Posts Tagged ‘Website Security’
Top Website Security Vulnerability Tools
Need to check out your website and see if it secure our list contains some of the top website vulnerability scanners
- NikTo 2 Open Source web security application scanner
- Paros Proxy Used to evaluate the security of web application
- Burp Suite is an integrated platform for attacking web applications
- Web Scarab is a framework for analysing applications that communicate using the HTTP and HTTPS protocols
- Grendel-Scan is an open-source web application security testing tool
- Web Inspect is a powerful Web Application Scanner from HP
- Wikto, which apparently borrowed its name from Nikto (a Unix-based assessment tool)
- Acunetix Web Vulnerability Scanner: Acunetix has pioneered the web application security scanning technology
In IIS7 if you want to add 2 or more web sites to the one web server using different domain name and different SSL certificates you need to assign more than one IP address to your server. Each website on IIS that you want to bind an SSL cert to must have its unique IP address.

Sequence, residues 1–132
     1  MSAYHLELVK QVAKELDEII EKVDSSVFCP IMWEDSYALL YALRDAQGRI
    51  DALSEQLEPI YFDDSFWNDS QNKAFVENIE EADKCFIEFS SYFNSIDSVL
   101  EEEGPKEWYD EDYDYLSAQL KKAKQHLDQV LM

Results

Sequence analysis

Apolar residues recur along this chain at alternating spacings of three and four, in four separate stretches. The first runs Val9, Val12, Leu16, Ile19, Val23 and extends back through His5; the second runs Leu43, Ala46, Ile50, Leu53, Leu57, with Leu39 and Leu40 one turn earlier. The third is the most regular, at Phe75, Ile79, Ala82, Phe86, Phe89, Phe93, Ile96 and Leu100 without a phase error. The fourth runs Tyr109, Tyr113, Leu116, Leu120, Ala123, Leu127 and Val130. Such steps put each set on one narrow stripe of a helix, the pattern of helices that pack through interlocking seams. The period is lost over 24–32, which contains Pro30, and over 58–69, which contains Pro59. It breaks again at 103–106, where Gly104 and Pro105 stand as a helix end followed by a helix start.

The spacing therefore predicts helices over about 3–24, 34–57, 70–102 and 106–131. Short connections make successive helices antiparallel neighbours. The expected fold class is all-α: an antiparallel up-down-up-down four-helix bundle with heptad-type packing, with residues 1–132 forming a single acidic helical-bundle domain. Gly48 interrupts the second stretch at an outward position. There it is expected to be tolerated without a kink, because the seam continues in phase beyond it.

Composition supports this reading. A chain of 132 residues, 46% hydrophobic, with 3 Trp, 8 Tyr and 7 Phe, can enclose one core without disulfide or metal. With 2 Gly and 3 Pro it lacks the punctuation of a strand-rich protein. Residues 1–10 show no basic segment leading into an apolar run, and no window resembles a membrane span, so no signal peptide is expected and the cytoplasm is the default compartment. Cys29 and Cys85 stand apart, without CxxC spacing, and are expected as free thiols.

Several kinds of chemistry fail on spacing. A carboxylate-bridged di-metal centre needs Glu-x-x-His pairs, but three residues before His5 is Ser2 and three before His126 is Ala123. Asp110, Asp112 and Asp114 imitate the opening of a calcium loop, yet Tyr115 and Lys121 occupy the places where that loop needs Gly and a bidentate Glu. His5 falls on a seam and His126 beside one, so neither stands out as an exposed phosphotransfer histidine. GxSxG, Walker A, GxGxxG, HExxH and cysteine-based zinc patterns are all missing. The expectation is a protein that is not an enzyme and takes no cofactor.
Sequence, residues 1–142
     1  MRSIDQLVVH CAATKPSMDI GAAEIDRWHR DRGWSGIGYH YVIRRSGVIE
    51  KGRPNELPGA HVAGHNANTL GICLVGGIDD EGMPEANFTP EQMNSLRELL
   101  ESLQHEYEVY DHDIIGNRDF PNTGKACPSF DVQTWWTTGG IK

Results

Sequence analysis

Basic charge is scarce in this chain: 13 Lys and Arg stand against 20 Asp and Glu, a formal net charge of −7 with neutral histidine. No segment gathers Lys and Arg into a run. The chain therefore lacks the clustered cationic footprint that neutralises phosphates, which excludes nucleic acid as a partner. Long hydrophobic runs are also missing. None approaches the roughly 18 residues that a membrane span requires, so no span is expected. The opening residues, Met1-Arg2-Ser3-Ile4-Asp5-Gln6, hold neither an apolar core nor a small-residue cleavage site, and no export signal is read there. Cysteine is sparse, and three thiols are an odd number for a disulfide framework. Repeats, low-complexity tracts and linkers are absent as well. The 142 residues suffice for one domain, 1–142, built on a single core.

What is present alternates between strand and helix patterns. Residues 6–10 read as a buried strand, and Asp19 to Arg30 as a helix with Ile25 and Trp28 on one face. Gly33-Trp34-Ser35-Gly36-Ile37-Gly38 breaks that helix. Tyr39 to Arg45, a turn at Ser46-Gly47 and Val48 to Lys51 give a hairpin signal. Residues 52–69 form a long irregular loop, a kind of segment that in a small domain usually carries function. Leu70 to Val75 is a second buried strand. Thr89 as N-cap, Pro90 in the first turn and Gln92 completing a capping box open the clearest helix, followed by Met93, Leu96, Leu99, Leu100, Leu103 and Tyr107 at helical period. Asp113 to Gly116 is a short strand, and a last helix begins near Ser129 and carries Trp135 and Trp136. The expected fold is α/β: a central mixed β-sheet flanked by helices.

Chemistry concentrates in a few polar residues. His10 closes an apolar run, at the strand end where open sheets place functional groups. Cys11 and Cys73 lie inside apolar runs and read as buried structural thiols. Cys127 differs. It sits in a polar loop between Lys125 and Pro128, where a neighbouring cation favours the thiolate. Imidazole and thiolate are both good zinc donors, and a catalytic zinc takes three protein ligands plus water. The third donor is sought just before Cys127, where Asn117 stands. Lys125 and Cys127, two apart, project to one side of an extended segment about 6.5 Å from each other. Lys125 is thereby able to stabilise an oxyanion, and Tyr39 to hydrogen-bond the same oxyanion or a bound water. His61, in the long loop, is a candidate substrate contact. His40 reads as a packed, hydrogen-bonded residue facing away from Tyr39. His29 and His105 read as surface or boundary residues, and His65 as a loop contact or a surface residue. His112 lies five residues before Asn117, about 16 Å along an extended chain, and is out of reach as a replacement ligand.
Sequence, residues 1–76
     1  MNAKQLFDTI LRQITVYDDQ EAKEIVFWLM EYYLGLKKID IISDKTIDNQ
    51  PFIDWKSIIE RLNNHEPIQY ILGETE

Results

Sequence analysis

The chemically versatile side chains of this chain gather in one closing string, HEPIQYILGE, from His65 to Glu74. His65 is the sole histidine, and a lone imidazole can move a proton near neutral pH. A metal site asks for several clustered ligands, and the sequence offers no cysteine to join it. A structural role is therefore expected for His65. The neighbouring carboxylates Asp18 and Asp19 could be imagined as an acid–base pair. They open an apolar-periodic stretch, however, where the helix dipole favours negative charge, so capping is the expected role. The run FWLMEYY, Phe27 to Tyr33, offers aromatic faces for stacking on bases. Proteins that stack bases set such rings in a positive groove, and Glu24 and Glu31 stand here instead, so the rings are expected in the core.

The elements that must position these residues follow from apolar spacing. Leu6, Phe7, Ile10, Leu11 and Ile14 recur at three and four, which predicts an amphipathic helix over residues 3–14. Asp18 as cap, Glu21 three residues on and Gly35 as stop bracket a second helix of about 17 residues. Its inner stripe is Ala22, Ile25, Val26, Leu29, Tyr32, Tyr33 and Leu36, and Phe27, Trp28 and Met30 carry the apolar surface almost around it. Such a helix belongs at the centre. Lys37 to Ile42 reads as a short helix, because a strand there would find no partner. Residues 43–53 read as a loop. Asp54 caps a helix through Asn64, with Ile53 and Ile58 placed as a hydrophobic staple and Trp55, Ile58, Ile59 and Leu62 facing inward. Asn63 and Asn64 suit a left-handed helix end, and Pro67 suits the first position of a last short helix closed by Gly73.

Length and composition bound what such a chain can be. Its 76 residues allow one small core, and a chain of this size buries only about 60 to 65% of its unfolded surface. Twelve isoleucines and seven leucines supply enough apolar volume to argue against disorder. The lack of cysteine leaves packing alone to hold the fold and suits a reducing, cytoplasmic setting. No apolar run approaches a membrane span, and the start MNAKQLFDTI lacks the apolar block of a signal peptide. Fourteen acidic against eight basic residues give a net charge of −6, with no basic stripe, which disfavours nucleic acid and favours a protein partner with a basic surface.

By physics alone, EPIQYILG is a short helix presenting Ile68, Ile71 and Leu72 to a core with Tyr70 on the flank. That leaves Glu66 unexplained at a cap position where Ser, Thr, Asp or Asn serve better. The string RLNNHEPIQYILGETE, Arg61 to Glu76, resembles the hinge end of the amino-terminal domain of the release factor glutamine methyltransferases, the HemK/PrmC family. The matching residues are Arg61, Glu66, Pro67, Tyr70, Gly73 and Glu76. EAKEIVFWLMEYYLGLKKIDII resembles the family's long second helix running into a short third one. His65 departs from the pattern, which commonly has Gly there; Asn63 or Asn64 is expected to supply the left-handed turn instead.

Do you know that an SSL cert does not secure your website?
Shockingly so many people around the world think that once a website has an SSL cert it is secure. What an SSL cert actually does is it only securing the data transfer from a HTTPS page in a web browser back to the web server. So it is simply a way to secure the transfer.
From speaking with many web users we discovered that they were under the impression that when they saw a SSL secured logo the website has high security and was protected from hackers. Unfortunately this is an incorrect assumption because web site security requires a lot more than just an SSL cert. We also learned from speaking to Irish web site owners that many were not taking their web site security as a high priority, the general comment that we got which shocked use was if we get hacked we will invest in IT Security for our website, but until then we do not see the need , because they believed that hackers might never find their web site and they were willing to take the risk. We have not carried out any surveys to assess how many Irish website owners think in this way, but to date every owner of an Irish ebusiness website we spoke with failed to understand why their website required a basic level of IT Security. What has gone wrong here? Is it simply a case of lack of education which is preventing some Irish online businesses from understands the risks involved, or is it a case that many Irish ebusiness are not willing to invest the money to protecting their website and their customers?